"Vegas Means Business"
The above tagline for the Las Vegas Convention & Visitors Authority says it all. Though flashy show floors, high stakes gambling and questionable morals gave Sin City its nickname, what’s making the city hot, hot, hot nowadays is something that is a lot less risqué: the business of business meetings and conventions.
Las Vegas plays host to some of the largest and most varied trade shows in the world, each with its own unique population of attendees.
The Consumer Electronics Show, an internationally renowned electronics and technology convention, attracts 3,200 major companies and more than 150,000 industry professionals from across the globe to Las Vegas every January. SHOT Show is the Shooting, Hunting and Outdoor Trade Show and Conference for the firearms, ammunition, hunting and shooting accessories industry. This trade show covers 630,000 square feet and draws more than 62,000 industry professionals from all over the world. The Electric Daisy Carnival, the world’s largest music festival, arrives in Las Vegas for three days every June, bringing nearly 333,000 people to the event.
It is shows like this that have helped Las Vegas hold on to its title as the No. 1 trade show destination in North America for more than 20 years. In 2013, the city hosted more than 5.1 million convention and trade show delegates, who came to the Gaming Capital of the World for one of 22,000 business meetings and conventions.
Combine this convention travel with an already thriving worldwide tourist trade and you have an airport operations puzzle that needs to be assembled carefully in order to maintain high service levels, according to Rick Jackson, stakeholder manager of the Transportation Security Administration in Las Vegas.
“A convention comes in and we fill the hotel rooms on Sunday and Monday nights, and then, because the rooms are full, we could have a very slow Tuesday and Wednesday,” he says. “But on Thursday or Friday when the convention breaks, we could have 150,000 people heading to the airport on the same day. We need to prepare and plan for this surge of traffic.”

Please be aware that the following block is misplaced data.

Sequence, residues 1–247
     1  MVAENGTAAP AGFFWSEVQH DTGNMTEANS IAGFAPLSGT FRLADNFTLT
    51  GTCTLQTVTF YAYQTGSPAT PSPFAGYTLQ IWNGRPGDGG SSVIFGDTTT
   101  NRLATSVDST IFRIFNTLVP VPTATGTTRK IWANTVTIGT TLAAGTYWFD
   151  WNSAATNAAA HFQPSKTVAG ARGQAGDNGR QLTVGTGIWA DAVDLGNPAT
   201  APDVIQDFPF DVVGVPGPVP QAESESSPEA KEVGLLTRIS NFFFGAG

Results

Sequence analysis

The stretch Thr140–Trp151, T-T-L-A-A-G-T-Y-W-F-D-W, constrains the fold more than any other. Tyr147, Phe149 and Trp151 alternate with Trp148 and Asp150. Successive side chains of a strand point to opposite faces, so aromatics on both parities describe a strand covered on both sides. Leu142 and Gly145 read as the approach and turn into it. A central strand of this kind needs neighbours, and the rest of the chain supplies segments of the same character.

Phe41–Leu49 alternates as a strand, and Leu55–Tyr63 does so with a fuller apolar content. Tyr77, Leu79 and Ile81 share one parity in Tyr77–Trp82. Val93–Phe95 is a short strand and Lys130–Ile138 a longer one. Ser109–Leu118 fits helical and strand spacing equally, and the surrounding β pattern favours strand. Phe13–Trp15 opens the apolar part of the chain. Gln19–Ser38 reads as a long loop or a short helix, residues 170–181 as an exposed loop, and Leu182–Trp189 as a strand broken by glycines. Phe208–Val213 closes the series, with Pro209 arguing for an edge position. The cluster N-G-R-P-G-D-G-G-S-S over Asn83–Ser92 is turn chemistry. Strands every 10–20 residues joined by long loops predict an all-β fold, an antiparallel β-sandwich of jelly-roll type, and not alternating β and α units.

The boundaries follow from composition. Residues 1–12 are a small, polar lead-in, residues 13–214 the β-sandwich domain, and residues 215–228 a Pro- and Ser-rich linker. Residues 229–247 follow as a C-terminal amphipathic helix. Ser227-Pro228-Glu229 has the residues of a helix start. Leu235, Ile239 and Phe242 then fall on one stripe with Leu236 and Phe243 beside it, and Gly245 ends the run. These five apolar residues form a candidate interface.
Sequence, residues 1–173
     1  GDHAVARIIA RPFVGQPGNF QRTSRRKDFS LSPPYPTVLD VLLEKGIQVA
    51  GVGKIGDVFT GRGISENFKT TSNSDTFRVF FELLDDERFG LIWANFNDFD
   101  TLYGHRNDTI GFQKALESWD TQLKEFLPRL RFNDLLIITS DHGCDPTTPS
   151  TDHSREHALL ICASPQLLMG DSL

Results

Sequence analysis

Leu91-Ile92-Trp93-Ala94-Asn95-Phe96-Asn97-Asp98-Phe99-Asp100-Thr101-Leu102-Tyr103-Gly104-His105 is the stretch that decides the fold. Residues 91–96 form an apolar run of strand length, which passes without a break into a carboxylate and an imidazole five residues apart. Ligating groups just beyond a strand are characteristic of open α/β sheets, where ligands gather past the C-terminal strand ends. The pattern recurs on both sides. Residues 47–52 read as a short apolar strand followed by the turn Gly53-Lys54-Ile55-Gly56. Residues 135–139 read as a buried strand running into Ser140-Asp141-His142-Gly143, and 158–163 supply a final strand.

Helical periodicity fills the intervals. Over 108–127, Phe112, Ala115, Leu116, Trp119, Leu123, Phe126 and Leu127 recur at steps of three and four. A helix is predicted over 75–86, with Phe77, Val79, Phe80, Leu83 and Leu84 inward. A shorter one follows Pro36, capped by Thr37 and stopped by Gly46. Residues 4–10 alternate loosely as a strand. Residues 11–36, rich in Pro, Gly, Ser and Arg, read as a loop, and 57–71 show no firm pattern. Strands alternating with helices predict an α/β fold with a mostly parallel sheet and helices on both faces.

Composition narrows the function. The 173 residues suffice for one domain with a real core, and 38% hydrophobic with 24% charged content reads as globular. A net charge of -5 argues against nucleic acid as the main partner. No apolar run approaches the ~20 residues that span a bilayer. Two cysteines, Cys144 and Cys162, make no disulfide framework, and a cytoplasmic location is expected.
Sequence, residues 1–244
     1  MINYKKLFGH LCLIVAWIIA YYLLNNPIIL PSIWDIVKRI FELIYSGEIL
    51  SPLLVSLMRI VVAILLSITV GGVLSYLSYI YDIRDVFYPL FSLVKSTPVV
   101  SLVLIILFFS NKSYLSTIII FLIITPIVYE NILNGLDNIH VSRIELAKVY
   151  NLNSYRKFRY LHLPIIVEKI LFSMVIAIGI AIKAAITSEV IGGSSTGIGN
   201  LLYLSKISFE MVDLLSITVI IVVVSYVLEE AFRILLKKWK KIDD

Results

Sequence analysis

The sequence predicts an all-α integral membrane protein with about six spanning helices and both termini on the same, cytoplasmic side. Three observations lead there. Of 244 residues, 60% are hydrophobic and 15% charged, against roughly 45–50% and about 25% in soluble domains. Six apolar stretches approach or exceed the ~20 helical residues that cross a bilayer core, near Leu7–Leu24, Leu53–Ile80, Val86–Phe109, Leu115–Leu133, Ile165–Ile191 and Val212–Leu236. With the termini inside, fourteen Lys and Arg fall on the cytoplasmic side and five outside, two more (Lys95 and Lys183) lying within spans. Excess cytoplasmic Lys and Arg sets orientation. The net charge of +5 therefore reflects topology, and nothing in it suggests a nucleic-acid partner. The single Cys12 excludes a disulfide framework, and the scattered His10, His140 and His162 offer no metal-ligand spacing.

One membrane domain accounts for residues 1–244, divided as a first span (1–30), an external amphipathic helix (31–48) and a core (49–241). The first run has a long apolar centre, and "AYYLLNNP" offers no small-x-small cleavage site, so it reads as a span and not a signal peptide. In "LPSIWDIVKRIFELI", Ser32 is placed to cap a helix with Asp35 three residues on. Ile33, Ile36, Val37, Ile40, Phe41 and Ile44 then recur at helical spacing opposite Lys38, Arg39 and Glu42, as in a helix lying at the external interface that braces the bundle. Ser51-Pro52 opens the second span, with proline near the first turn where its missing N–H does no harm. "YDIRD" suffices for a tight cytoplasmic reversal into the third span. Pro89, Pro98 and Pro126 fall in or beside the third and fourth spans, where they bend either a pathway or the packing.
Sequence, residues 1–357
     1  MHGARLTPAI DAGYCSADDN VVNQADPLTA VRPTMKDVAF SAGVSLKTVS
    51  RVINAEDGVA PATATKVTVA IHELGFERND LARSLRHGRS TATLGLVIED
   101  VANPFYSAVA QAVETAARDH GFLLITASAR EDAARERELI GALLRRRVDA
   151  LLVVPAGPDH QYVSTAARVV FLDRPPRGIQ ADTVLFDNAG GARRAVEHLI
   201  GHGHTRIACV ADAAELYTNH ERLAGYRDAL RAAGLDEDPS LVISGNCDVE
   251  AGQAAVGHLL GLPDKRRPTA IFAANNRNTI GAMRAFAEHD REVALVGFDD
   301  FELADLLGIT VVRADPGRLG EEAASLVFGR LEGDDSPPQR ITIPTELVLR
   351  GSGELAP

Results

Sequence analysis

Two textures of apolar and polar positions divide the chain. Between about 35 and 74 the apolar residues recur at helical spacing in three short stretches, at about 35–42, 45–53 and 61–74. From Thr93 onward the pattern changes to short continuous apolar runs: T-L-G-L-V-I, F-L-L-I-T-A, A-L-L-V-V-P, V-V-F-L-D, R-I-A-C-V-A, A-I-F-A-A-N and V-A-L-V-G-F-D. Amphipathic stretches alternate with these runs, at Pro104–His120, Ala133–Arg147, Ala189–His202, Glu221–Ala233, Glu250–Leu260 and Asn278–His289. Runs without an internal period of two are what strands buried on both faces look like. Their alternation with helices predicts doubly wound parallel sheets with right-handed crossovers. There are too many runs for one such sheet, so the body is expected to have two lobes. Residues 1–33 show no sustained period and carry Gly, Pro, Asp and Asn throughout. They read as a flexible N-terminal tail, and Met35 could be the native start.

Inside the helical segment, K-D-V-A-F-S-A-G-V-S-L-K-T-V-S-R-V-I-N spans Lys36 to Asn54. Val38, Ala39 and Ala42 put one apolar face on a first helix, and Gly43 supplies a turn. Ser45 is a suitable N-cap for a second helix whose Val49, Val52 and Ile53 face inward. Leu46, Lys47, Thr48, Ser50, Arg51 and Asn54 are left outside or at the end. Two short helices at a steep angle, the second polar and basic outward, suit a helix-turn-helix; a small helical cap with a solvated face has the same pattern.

Though the ebbs and flows that the 9th busiest airport in the nation experiences daily certainly complicate operations, Rosemary Vassiliadis, director of Clark County Department of Aviation, says it’s unacceptable to use them as an excuse for McCarran International Airport to offer customers a reduced level of service.
“We have one industry in town and we all know how important that is,” she emphasizes. “Our goal is to always have the most seamless experience possible for our passengers. That being said, we realized shortly after 9/11 that conventioneers, especially, have different behaviors and different needs because of those behaviors, which we need to address.”
Share and Share Alike
Sir Francis Bacon once said: “Knowledge is power.” In the airport world, knowledge is derived through the sharing of information. For this reason, McCarran International Airport instituted Weekly Passenger Traffic Meetings. The get-togethers include representatives from the visitors and conventions bureau, airlines, airport officials and the TSA, and are designed to share information that helps keep service levels high.
They help airport officials recap the previous week’s passenger and traffic volumes, identify what worked and what didn’t, review passenger experiences, and consider what caused any delays. The group then looks at the week ahead to forecast traffic levels and make appropriate staffing adjustments.
Kirk Holmes of United Airlines says it’s particularly important to review peak times at these gatherings. The group looks at the peak issues from the previous week and what staffing levels were needed, and then adjusts up or down for the week to come based on this information.
“The meetings help us identify trends or pitch points so that we can make adjustments and don’t have reoccurring issues,” he says. “It’s very, very productive. United provides its passenger data a couple times a week to give a 10-day window for projections.”
For such a meeting of the minds to be truly successful, information must be freely shared, thus the airport requires airlines to provide proprietary information for planning purposes; data airlines traditionally keep pretty close to the vest, according to Vassiliadis.
“We realized we needed information from the airlines, such as their load factors, and that information had to be broken up by time of day,” she says. “We are very peak and valley at this airport, and we need to plan accordingly.”
Today, airlines share load factor information in four-hour blocks to enable the team to anticipate the expected passenger flow and adjust staffing. Initially airlines were reluctant to provide this data but they found a workaround by sending the information directly to the TSA instead of airport officials, thus ensuring other airlines and the airport itself did not have access to the data.
“I do not share my passenger forecasts with the other air carriers,” explains Holmes. “But I’m more than comfortable sharing that information on a confidential basis with our TSA counterparts to help project staffing volumes. The TSA acts as the keeper of the information and collates the data they gathered from all the air carriers to help plan staffing levels.”